Applying the dual sovereignty doctrine to the present case, Andrew’s constitutional double jeopardy rights are not violated by the national government’s prosecution of the current charges even though he was convicted by Pohnpei State for the same conduct. Accordingly, the Court denies Andrew’s motion to dismiss.

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Footnotes:

1.  The Court notes that plaintiff’s witnesses, state police officers Esteban Primo and James Artui, were present at the September 12, 2007 hearing. Instead of calling officers Primo and Artui to testify, plaintiff relied on their written affidavits, which were submitted with plaintiff’s response to Louis’s motion. At the hearing, counsel for Louis acknowledged Louis’s right to cross-examine officers Primo and Artui but failed to call officers Primo and Artui to testify.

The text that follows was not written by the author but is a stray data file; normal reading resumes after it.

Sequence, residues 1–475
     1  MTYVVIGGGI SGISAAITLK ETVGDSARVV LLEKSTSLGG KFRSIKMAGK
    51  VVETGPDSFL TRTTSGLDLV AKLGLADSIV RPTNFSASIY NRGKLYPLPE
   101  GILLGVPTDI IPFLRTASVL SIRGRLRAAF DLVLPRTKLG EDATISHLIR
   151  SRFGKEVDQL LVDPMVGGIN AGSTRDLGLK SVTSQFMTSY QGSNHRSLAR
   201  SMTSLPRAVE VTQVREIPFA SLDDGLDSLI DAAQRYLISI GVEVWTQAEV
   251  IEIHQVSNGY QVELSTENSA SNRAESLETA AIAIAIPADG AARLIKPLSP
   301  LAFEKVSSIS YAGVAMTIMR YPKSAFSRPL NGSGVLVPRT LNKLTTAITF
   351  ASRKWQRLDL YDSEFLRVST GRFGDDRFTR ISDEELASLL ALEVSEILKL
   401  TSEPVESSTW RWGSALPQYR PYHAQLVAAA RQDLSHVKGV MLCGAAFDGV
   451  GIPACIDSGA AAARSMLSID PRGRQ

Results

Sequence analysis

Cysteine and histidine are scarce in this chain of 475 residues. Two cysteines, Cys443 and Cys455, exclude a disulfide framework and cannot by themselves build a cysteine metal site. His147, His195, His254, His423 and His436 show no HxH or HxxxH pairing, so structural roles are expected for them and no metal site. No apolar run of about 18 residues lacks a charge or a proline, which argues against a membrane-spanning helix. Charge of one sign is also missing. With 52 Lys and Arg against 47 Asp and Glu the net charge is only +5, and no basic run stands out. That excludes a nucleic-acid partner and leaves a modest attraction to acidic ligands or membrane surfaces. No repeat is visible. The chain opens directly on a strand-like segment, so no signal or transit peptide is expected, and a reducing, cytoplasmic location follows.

2.  Louis’s moving papers cite to Article V of the FSM Constitution. The Court assumes Louis intended to cite to Article IV.

3.  During oral argument, counsel for Louis called the Court’s attention to cases that were not cited in Louis’s moving papers. Counsel for Louis indicated that he would file the citations for those cases with the Court. Counsel for Louis has failed to do so.

4.  Andrew’s motion to dismiss also asked the Court to dismiss Count II if Andrew is convicted of Count I. During oral argument, counsel for Andrew withdrew this request, but reserved the right to raise it later.